“Her voice is like a flute, and I was surprised because my voice sounded just like hers. People told me that mine couldn’t be a solo performer, but there she was,” she says.

Yang was a very shy person, but that day she squeezed her way through the crowd and gathered up all her courage to ask Ameling an abrupt question: “Can I come to the Netherlands and learn singing from you?”

Yang’s cousin, who was studying in the Netherlands, helped send a demo to the Royal Conservatory of The Hague. Yang was finally recognized and accepted as the first Chinese undergraduate.

“It was really difficult at first because I didn’t understand what the lecturers said, but the hardships forged my character,” she says. “I was an introvert but life made me ask around for help. I asked classmates to explain things to me and in exchange I would make them Chinese food.”

There were nine students on a course on the fundamentals of music theory in the first year, but by the time of graduation Yang was the only student who had stuck it to the end.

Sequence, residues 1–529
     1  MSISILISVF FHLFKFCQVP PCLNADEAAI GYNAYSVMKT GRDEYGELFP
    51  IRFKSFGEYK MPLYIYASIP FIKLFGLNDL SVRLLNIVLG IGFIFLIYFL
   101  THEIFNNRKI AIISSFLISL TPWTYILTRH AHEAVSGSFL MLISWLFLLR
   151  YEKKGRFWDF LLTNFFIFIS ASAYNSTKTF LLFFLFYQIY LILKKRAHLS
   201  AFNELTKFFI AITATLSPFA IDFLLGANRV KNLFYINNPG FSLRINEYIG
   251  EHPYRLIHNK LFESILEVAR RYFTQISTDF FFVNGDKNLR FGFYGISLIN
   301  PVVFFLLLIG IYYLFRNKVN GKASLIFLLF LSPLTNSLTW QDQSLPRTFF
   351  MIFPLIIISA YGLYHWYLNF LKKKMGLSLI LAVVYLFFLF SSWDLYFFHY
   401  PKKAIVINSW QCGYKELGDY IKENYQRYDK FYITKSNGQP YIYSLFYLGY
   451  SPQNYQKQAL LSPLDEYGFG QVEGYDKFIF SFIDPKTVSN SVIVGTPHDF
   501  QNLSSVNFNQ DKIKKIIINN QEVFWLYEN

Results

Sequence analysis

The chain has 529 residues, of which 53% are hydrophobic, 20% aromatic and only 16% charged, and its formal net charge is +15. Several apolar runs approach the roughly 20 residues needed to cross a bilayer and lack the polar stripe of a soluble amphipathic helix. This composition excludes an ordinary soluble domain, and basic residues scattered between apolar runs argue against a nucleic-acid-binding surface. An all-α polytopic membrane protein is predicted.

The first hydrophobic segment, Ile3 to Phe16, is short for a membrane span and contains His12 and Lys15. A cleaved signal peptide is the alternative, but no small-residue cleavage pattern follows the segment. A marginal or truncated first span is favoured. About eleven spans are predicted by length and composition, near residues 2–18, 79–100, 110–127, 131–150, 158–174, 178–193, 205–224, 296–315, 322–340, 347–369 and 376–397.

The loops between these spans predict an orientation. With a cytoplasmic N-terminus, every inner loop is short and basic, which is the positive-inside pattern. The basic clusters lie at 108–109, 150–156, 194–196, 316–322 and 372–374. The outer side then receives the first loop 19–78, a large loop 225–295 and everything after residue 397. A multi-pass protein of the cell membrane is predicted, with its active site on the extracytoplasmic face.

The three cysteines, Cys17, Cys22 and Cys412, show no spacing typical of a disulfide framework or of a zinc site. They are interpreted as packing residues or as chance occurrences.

Rejected at home, Yang finds fame abroad
Ti Gong

Yang performed at a Chinese New Year celebration in the Hague in 2004.

Rejected at home, Yang finds fame abroad
Ti Gong

Limin Yang (front) collaborated  with Dutch band 4 Beats in a concert in Shanghai to celebrate Dutch king's official visit to China in 2015.

Talent and persistence brought her fame and success. After becoming an actress in a Dutch musical company, Yang worked with Andrea Bocelli’s production team in 2001 and gave a recital at the Royal Concertgebouw in Amsterdam.